Stock Indices: The Dow Jones industrials closed at 12,294.00 on Friday gaining 124.35 points and for the week gained 3.6%. the S&P 500 closed at 1265.33, up 11.33 and for the week gained 3.7%. The tech heavy Nasdaq closed at 2618.64, up 19.19, and for the week gained 2.5%. While the U.S. economic data was better than expected the ongoing unemployment situation precludes consumer spending by the unemployed and for that reason we would avoid holding positions in stocks that are not consumer oriented. Once again, and possibly ad nauseum, we suggest implementing hedging strategies so as not to repeat the mid-August financial "meltdown" in equities. We fully expect another such "episode" in the future.
Currencies: The March U.S. dollar index closed at 80236 on Friday, down 7 points against gains in the Euro currencies on persistent expectation of an inevitable resolution to the debt crisis. We do not expect any such resolution and would warn our readers of what we feel is a "pending" meltdown in global economies through loan defaults. The March Euro closed at 13071, up 13 ticks mostly on shortcovering after the recent heavy losses tied to the debt crisis. The March swiss franc lost 1 tick to close at 10701 and the British pound lost 52 points to close at $1.5616. Others fared better with the Japanese yen gaining 21 points to 12838, the March Canadian dollar 29 points to 9802 and the Australian dollar 35 points to 10075. We could see continued choppy trading this coming shortened week and would stand aside until "next year".
Energies: February crude oil closed at $99.86 per barrel, up 33c after trading as high as $100.23 during the session. U.S. crude oil inventories fell by 10.6 million barrels last week representing the largest decline since February 2001 according to the Energy Department. Expectations for a continued acceleration of the global economic situation by analysts recedes we could expect pressure on prices and an increase in supplies. We would suggest put purchases on any further price gains.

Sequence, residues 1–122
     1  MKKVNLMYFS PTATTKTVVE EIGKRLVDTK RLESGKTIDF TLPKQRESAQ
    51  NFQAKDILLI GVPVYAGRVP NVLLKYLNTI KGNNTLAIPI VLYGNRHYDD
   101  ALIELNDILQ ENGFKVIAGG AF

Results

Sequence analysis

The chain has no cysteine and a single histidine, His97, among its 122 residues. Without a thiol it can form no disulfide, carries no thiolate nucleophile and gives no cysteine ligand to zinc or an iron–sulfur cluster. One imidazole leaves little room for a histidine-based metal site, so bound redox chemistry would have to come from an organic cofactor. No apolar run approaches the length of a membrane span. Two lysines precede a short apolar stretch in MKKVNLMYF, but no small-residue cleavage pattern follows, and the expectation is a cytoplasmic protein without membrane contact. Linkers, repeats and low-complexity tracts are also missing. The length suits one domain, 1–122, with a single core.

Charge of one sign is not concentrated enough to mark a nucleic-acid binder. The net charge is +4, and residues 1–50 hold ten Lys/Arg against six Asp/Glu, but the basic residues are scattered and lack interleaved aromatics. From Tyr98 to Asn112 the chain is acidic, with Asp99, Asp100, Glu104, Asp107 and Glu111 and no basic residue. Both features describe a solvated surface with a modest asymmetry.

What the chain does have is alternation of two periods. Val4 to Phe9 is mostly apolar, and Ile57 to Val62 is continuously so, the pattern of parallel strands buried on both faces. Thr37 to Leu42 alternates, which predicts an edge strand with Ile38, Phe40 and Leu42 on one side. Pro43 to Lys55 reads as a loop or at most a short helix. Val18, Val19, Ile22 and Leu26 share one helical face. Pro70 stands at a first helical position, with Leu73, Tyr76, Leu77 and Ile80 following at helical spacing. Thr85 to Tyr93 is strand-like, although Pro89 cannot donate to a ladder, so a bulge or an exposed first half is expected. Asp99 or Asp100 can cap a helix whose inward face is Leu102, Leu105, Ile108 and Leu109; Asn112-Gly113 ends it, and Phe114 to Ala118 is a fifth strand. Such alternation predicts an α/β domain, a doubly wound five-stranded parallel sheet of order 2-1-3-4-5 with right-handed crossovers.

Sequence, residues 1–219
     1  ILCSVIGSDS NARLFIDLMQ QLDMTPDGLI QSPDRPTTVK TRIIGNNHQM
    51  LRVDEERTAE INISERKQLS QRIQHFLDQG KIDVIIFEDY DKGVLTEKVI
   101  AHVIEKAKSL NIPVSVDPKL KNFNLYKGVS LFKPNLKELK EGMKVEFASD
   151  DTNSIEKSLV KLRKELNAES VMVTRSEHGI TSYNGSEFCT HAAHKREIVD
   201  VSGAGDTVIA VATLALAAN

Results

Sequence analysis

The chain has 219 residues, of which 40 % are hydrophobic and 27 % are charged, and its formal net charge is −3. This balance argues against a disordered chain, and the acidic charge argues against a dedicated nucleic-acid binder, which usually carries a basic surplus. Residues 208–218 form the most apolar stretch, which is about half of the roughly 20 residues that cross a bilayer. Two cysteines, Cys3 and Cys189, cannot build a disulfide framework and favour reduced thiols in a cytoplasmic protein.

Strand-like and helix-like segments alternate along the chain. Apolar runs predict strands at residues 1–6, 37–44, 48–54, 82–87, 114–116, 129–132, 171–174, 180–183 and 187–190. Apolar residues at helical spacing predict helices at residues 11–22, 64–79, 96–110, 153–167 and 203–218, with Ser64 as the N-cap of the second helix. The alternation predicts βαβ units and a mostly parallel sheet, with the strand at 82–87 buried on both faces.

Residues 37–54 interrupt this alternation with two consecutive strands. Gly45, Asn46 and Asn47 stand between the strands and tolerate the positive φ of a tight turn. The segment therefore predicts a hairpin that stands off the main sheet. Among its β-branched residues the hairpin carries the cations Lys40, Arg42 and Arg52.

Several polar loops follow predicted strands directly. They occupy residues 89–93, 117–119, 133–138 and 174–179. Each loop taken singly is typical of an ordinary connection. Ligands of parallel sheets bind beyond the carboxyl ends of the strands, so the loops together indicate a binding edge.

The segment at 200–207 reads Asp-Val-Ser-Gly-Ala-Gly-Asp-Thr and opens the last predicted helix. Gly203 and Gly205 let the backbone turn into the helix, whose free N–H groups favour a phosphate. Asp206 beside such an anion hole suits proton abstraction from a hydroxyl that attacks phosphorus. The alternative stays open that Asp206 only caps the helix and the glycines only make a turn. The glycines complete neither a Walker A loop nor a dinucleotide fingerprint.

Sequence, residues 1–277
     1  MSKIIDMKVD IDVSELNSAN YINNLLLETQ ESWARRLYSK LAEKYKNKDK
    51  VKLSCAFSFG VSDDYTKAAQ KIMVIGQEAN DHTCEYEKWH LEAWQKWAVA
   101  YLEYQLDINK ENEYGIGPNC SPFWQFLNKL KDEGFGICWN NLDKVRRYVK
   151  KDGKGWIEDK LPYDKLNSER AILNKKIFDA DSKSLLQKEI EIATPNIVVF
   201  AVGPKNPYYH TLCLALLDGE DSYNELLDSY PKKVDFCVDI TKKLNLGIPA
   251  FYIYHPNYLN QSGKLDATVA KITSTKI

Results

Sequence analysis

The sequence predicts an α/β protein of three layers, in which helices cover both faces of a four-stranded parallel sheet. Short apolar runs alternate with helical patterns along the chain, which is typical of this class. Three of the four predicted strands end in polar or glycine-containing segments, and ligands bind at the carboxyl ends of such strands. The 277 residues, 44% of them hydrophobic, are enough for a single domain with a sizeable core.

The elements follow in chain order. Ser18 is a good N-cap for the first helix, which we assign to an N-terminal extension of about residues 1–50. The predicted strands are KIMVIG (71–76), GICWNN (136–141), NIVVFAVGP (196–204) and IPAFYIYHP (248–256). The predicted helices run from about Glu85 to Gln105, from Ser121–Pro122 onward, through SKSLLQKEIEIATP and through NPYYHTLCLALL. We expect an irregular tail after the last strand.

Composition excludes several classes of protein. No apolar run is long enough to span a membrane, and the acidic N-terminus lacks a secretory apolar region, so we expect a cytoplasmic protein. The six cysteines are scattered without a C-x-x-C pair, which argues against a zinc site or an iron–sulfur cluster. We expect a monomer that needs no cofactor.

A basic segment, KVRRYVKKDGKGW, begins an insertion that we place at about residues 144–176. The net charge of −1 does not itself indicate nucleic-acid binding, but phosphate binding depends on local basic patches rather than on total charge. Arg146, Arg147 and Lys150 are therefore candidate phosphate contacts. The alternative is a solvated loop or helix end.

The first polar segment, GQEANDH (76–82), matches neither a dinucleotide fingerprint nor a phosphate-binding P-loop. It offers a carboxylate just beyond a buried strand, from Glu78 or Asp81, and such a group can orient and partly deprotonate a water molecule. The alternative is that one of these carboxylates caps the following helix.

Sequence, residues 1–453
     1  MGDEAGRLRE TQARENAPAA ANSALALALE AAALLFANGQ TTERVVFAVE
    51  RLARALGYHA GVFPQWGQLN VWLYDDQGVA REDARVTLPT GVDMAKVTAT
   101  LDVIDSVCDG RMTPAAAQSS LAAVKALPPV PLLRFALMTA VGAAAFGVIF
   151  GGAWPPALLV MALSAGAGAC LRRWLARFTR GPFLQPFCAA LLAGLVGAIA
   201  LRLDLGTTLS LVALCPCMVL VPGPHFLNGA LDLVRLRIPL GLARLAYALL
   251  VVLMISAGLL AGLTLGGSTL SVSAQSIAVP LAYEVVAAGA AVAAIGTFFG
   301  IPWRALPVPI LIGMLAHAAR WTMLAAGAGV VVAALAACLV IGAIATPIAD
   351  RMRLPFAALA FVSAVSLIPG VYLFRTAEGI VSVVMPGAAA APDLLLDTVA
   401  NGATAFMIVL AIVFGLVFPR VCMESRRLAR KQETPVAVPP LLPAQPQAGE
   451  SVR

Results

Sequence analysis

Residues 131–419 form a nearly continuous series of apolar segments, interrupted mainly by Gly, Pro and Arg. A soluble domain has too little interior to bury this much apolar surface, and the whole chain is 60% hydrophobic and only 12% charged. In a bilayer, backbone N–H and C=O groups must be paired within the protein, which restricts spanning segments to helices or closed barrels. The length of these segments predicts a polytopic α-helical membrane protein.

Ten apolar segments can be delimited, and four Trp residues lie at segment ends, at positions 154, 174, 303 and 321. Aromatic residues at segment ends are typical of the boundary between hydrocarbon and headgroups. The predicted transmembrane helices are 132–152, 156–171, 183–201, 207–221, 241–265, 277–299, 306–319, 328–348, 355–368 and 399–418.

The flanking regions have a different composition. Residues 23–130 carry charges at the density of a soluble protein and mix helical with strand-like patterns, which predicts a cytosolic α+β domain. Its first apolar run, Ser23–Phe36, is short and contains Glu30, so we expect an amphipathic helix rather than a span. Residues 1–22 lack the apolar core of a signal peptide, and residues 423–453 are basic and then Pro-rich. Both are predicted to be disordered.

Copper: March copper closed at $3.46 per pound, up 5 points on shortcovering and new buying tied to better than expected economic data. However, recent selling was tied to whether China’s plan to maintain property price restrictions having a potential impact on demand for copper. We could see continued wide price swings as various fundamentals emerge affecting supply/demand. We had been bearish for some time and have suggested taking "profits off the table" for now.
Precious Metals: February gold closed at $1,609 per ounce, down $1.60 on light trading in front of the holiday weekend. Reports of possible buying by the People’s Bank of China added psychological incentive to the buying. We prefer the sidelines for now. March silver closed at $29.105 per ounce, up 5.8c but sharply below recent highs. We prefer the sidelines here as well until the New Year activity has been established. July platinum closed at $1438.30, up $3.10 while March palladium gained $5.15 to close at $659.55. We would also wait before instituting trades until next year.
Grains and Oilseeds: March corn closed at $6.19 ½ up 2c while March wheat gained 1/4c to close at $6.22 per bushel, March soybeans closed at $11.72 ½, up 3/4c. Trading was light with buying tied to potential weather problems in South America.
John L. Caiazzo